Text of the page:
Serial entrepreneur and former Viacom-18 boss Raj Nayak recalls PG as ‘Short in height, but tall in stature, the original trendsetter and a stalwart of the industry. A man ahead of his times.’
Tu kaisa hai dost! Kya chal raha hai? These were his opening lines whenever we met. PG (Pradeep Guha) was a man who loved to know what was going on in the industry and was always updated with the latest gossip. Every time I visualise him now, his always-smiling face haunts me.
I don’t know where to start. I am still in denial and find it hard to believe that PG is no more. It is so surreal; the phrase ‘here today, gone tomorrow’ hits you hard. When a person close to you dies, it is yet another reminder of how vulnerable and unpredictable life can be.
I first met Pradeep Guha in 1987-88. I was working for a newspaper called The Indian Post that was owned by The Singhania’s of Raymonds. It was perhaps among the most respected and loved newspapers among the Mumbai elites. The newspaper was edited by the late Vinod Mehta and had some of the finest journalists and columnists on its payroll. However, it was shutting down and the entire editorial team was moving to the ‘Old Lady of Boribundber’, as The Times Of India (TOI) was then referred to, to launch a similar paper called The Independent.
Vinod Mehta, as part of his deal, had spoken to the management at the TOI and recommended my name, probably the only non-editorial staff to be part of The Independent. I was asked to meet a gentleman called Arun Arora, whom I met and was offered a job with the TOI group. This was when I had to meet ‘Mr Guha’, who was even by then a well-known name in the industry.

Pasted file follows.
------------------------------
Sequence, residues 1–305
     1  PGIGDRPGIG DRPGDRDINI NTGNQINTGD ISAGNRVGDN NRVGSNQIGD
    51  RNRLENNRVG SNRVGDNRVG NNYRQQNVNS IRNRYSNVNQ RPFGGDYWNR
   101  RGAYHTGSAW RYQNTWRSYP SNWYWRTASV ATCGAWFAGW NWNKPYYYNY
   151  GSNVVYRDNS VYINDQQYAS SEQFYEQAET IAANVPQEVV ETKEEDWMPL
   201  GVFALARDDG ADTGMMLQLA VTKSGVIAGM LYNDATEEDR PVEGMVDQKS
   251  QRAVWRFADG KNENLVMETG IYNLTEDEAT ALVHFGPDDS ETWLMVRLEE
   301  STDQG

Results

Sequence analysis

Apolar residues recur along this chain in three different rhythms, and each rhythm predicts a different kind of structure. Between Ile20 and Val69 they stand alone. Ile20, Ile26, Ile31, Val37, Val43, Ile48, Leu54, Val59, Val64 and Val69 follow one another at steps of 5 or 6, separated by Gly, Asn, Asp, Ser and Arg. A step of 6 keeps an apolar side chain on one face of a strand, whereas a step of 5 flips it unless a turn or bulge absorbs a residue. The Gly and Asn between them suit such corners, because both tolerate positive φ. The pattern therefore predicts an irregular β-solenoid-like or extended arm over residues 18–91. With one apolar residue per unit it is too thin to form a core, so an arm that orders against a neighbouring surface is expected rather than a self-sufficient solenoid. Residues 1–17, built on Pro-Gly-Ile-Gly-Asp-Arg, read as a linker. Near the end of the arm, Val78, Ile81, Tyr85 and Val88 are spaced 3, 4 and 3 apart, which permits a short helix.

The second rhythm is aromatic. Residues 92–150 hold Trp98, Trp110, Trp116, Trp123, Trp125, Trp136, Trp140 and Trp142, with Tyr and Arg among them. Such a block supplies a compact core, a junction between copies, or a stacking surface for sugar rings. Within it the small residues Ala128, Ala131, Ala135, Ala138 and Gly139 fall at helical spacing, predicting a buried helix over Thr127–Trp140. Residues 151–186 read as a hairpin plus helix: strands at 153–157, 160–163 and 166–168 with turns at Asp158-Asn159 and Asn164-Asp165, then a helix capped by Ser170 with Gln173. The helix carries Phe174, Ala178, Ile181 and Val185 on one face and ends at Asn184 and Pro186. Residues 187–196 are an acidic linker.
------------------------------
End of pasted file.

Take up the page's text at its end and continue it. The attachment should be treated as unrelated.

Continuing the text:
Our first encounter wasn’t too pleasant. Maybe I even misread it at that time but my impression of him was someone projecting to be a ‘big daddy’ who wanted me to work on a magazine called Dharmayug instead. At that time, I was only keen on working for The Independent or The Illustrated Weekly, which was one of my favourite magazines headed by Pritish Nandy. I was too small to argue and hence, I did the next best thing -- not join at all.
A year or two later, I met him at the West End Hotel in Bangalore at an ad conference called, if I remember correctly, REACH III. As an upcoming ad sales executive, I wanted to be noticed. I walked up to him and apologised for not joining. Surprisingly, he remembered me, called me by name and asked me why I didn’t join. I told him I was happy to be a big fish in a small pond rather than being a small fish in a big pond. He smiled and told me if ever I needed a job I could call him.
Years later, I had interviewed at STAR TV and was even flown to Hong Kong for the final interview. I didn’t end up getting the job. That’s when I called Pradeep Guha and told him I was seeking work, reminding him of our encounter. Those days I worked for a newspaper called The Sunday Mail, based in Bangalore. His answer was 'I have been seeing the paper and have noticed that you haven’t lost a single ad campaign from the South. I will get someone to get in touch with you'. The call promptly came but by that time, I had accepted another offer and didn’t want to backtrack on that commitment.
Later, when I was with STAR TV, was when I would bump into him occasionally at industry events and similar gatherings, where we exchanged pleasantries and kept in touch.
I think it was in 2006, on a Sunday morning, when I received a call from PG (Mr Guha had become PG to me by then) asking me how things were and that he had a request. He was taking over as the President of the IAA-IC (India Chapter of the International Advertising Association) and would like to appoint me as his Vice President. If I agreed, he would get someone to nominate my name and we would follow the formality of the elections. That’s when my honeymoon, of working alongside the person whom I admired and respected on an equal footing, began.